Stem cell competition generally involves three steps. The competitive stem cells first become more fit before they move and anchor to a special location (such as a niche) by expressing cell-adhesion molecules, and finally eliminate the outcompeted stem cells. In the mouse thymus, the ‘young’ bone marrow-derived progenitors are more fit; they move to the thymus to gain survival advantages by contacting the survival factor IL-7 and increasing the expression of intracellular pro-survival protein Bcl2. The ‘old’ thymus-resident progenitors have low survival advantages because they have low affinity to IL-7, express low levels of Bcl2, and are eliminated through apoptosis4. However, it is not clear what changes make the bone marrow-derived progenitors more fit and what molecules mediate the young progenitors’ move to the thymus and cause them to remain there. In p53-deficient mice, the p53-low hematopoietic stem and progenitor cells are more competitive (have advantages in proliferation and long-term maintenance), may be located to a special microenvironment (niche), and also induce growth arrest and senescence-related gene expression non-cell autonomously in the outcompeted p53-high hematopoietic stem and progenitor cells by expressing an unknown secreting factor1,8. In the Drosophila ovary, the differentiation-defective bam- or bgcn-mutant GSCs are more competitive, and they invade the niche space of neighbouring wild-type GSCs by upregulating the adhesion molecule E-cadherin. The detached wild-type GSCs from the niche will go through differentiation3. In this case, the self-renewal-promoting BMP signal is not required in stem cell competition. However, in another study, it was found that the GSCs expressing high levels of Drosophila Myc (dMyc) were more competitive than the dMyc-low GSCs5. The niche-provided self-renewal factor BMP/DPP in metabolically active dMyc-high GSCs is required for stem cell competition.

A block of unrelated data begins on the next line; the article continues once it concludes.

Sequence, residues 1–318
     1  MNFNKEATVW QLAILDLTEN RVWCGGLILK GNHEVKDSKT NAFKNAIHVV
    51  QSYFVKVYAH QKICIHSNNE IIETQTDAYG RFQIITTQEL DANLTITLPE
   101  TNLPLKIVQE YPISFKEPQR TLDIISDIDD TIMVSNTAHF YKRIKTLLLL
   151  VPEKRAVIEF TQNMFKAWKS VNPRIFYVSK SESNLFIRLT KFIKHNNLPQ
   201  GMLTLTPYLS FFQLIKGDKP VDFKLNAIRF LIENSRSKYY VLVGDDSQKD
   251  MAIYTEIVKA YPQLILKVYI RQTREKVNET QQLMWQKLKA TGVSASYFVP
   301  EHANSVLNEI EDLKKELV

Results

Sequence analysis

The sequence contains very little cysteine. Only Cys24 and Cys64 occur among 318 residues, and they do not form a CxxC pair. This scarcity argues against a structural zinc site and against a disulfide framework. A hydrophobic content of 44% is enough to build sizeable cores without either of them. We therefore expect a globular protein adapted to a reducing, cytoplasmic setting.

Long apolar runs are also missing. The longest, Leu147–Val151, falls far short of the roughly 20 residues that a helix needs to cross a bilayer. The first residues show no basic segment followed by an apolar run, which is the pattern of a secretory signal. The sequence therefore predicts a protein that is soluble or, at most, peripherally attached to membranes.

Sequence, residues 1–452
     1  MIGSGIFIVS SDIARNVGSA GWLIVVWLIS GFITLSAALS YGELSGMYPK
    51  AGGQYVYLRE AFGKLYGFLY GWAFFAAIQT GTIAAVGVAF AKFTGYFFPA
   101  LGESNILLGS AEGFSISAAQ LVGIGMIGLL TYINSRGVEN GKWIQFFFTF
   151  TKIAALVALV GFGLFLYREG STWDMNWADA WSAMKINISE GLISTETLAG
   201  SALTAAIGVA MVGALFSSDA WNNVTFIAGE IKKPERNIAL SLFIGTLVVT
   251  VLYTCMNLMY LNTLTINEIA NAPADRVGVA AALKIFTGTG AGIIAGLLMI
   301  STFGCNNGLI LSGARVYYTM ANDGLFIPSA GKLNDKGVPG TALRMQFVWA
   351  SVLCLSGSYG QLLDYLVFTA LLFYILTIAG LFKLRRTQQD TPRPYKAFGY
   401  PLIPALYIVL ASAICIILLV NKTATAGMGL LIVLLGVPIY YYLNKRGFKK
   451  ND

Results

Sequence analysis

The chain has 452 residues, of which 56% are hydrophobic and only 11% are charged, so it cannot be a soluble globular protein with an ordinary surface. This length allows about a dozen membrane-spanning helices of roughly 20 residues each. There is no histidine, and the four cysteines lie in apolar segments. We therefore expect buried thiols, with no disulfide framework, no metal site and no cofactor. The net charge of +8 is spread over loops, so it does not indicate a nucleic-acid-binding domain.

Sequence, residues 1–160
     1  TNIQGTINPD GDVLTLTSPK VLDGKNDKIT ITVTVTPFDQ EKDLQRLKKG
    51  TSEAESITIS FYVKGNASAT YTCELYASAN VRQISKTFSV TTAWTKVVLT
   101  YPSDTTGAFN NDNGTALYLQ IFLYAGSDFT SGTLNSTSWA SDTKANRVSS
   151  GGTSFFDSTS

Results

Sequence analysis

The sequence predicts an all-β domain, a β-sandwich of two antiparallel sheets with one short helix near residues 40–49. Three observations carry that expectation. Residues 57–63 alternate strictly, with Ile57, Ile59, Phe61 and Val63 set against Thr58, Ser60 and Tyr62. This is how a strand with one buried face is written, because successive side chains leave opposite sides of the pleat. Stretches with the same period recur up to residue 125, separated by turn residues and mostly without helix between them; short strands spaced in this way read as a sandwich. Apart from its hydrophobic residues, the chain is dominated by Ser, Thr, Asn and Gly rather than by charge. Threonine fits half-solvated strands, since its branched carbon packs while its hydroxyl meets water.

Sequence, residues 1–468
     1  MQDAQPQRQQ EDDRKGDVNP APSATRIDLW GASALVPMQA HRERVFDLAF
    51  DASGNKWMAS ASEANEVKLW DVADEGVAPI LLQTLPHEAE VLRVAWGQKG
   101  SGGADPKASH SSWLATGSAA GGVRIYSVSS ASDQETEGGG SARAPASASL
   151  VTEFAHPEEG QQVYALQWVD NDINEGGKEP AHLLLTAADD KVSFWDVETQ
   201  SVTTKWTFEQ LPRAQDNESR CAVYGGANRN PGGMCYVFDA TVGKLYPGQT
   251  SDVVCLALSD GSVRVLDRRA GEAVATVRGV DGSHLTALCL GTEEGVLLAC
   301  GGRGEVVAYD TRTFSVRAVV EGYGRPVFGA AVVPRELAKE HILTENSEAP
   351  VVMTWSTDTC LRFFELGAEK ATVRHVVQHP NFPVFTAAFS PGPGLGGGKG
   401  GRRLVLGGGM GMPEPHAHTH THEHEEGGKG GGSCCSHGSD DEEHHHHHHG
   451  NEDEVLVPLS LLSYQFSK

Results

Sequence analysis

In the Drosophila testis, we demonstrated that the tumour suppressor Madm-deficient CySCs are more competitive. The Madm-deficient CySCs overexpress the EGF receptor ligand vn, which secretes to the intercellular fluid and activates EGF receptor signalling non-cell autonomously in CySCs to stimulate CySC proliferation and increase integrin expression. The elevated integrin gives CySCs the advantage of outcompeting GSCs for niche occupancy. The niche signal Upd may activate JAK-STAT signalling in CySCs to further enhance fitness and maintenance of CySCs. The outcompeted GSCs will leave the niche and become differentiated. Conversely, promoting Madm nuclear translocation by expressing the hopTum−l or knocking down EGFR signalling will suppress integrin expression in CySCs, which will give GSCs the advantage of outcompeting CySCs for niche occupancy and will result in GSC tumour formation.